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Wiener: Student belonging is essential to success. Education policies must ensure school is a place where every child belongs

Ross Wiener | December 16, 2019



I started my career as a trial attorney for the Justice Department’s Civil Rights Division, vindicating students’ legal right to belong in school. My experiences taught me a lot about the corrosive effects of students being “othered” based on race, religion, disability status or English proficiency. In the most egregious cases, students were assigned to different campuses or shunted into basements and trailers, clearly signaling through physical separation that they did not belong. Lack of belonging was also conveyed in more subtle ways, through low expectations, punitive discipline and neglect — sowing the seeds of schools’ contributions to gaps that pervasively plague public education.

These experiences seared into me one simple, profound truth: All children deserve a school where they experience belonging. The need for belonging, a feeling of being respected and accepted, is deeply human and one of the most researched and well-documented findings of psychology. Accountability debates tend to center on test scores and graduation rates; schools’ responsibility for student belonging should also be part of the definition of school success.

Several recent publications underscore the importance of valuing students’ sense of belonging in school, including the NewSchools Venture Fund’s second Insight Brief on expanded definitions of student success. Utilizing Transform Ed’s “3M” framework, NewSchools supports district and charter schools in pursuing SEL skills and school-climate attributes that (1) matter to long-term outcomes; (2) are measurable in schools and (3) are malleable, meaning they can be positively influenced through school practice. Surprisingly, for the second year in a row, students’ sense of belonging (as measured by NewSchools’ survey) was not correlated with student test-score gains.

NewSchools is committed to monitoring this lack of correlation closely over the coming years, because other studies have found the opposite — that student reports of belonging correlate with test score gains. For example, an analysis of more than 600,000 student reports from California’s CORE districts reveals that students who experience belonging attend school more frequently, get in less disciplinary trouble and learn more reading and math. Similarly, University of Chicago research documents that student engagement, the gateway to achievement, is determined by four learning mindsets, the first and most foundational of which is: Do I belong here?

Belonging isn’t only valuable because it improves test scores — although there is ample evidence it does — it’s valuable as a primary component of the social contract school represents.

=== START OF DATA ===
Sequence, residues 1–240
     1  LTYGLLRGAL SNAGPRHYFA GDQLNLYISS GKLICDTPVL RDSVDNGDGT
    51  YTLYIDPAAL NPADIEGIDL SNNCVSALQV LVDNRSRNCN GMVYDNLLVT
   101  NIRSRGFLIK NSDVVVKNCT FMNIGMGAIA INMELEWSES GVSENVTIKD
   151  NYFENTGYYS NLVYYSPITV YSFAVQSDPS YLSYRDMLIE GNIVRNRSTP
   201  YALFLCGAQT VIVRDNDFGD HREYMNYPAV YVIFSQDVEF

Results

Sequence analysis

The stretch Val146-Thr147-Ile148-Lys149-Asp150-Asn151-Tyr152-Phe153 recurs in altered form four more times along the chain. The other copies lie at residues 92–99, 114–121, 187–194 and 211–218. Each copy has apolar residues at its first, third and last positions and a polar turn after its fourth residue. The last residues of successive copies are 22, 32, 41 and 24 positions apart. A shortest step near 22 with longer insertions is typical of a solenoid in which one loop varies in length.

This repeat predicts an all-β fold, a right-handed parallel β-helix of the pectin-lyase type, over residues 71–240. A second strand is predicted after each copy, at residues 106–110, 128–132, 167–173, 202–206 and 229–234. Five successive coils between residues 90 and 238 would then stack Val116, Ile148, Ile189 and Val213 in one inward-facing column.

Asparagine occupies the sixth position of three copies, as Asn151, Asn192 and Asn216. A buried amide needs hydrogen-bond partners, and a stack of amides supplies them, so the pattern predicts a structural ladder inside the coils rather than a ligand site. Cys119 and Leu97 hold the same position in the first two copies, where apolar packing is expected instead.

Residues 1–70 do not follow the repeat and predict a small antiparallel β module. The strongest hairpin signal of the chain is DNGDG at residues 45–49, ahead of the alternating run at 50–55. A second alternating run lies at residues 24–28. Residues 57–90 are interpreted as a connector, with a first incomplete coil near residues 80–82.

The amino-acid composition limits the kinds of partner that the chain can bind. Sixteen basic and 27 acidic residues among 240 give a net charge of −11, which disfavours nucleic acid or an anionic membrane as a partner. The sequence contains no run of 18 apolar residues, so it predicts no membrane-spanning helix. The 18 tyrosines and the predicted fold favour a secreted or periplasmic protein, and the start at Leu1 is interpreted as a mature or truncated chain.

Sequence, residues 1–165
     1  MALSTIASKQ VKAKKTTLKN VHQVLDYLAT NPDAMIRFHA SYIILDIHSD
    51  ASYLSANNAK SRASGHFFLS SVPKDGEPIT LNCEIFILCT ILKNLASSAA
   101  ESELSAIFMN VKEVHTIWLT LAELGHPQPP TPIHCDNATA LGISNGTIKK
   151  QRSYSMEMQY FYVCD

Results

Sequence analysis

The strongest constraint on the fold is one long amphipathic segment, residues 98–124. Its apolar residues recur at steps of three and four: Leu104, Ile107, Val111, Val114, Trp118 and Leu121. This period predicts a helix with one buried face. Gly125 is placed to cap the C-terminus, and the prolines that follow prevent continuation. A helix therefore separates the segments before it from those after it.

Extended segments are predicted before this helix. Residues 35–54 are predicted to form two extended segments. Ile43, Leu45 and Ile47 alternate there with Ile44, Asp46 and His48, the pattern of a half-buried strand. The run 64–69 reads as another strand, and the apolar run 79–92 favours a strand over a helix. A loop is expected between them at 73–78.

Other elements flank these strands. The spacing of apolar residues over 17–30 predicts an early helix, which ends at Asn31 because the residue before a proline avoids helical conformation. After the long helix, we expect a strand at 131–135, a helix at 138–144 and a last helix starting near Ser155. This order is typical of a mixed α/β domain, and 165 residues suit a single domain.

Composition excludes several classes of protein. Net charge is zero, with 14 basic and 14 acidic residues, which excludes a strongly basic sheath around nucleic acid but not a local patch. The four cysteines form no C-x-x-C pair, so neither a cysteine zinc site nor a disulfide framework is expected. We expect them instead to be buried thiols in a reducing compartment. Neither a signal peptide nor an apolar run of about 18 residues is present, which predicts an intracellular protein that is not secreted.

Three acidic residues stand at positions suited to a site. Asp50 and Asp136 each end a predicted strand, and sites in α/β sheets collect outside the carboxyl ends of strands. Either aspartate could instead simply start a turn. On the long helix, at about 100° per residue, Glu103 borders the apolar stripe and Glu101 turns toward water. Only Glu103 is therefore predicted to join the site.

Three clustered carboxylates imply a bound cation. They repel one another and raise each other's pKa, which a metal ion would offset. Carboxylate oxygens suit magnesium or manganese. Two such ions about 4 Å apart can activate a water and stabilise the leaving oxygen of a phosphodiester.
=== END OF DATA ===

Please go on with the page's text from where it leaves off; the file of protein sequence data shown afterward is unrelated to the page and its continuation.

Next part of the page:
Robert Pondiscio of the Fordham Institute recently argued that the most fundamental goal of public education should be ensuring that students answer “yes” to the question: Are you in? He asserts that reducing school success to test scores has “changed fundamentally a child’s experience of school in ways a lot of Americans just don’t like. And they’re not wrong.” He writes that school is the first and most important civic institution where students either come to feel a bond to community and country, or not; if this sense of belonging, of membership, of an ownership stake in society, is not modeled in school, something vital is lost.

Belonging in school matters in a big way for equity. School is society’s biggest investment in students’ preparing to engage with the broader community and understanding their place in it, and they inevitably pick up on the signals that are sent. According to the Mindset Scholars Network, “when students are uncertain about whether they belong [in school], they are vigilant for cues in the environment that signal whether or not they belong, fit in or are welcome there. They may also be concerned about confirming a negative stereotype about their group. This hypervigilance and extra stress uses up cognitive resources that are essential for learning, diminishing their performance and discouraging them from building valuable relationships.”

Conversely, schools that do focus on building belonging can close gaps between groups: In trying to improve college and career readiness among English learners, Summit Public Schools noticed overall positive survey results from English learners, but lower levels of belonging. Acting on these data, Summit convened a team of teachers to learn from the classrooms where English learners reported the highest levels of belonging, shared these practices across its educator community and improved performance significantly as a result.

As a core commitment to children and families, public education policy should embrace the promise that school is a place where every student belongs. Every student.

Ross Wiener is a vice president and executive director of the Education & Society Program at the Aspen Institute, and previously served as a trial attorney in the Civil Rights Division of the U.S. Department of Justice and as policy director at Education Trust.

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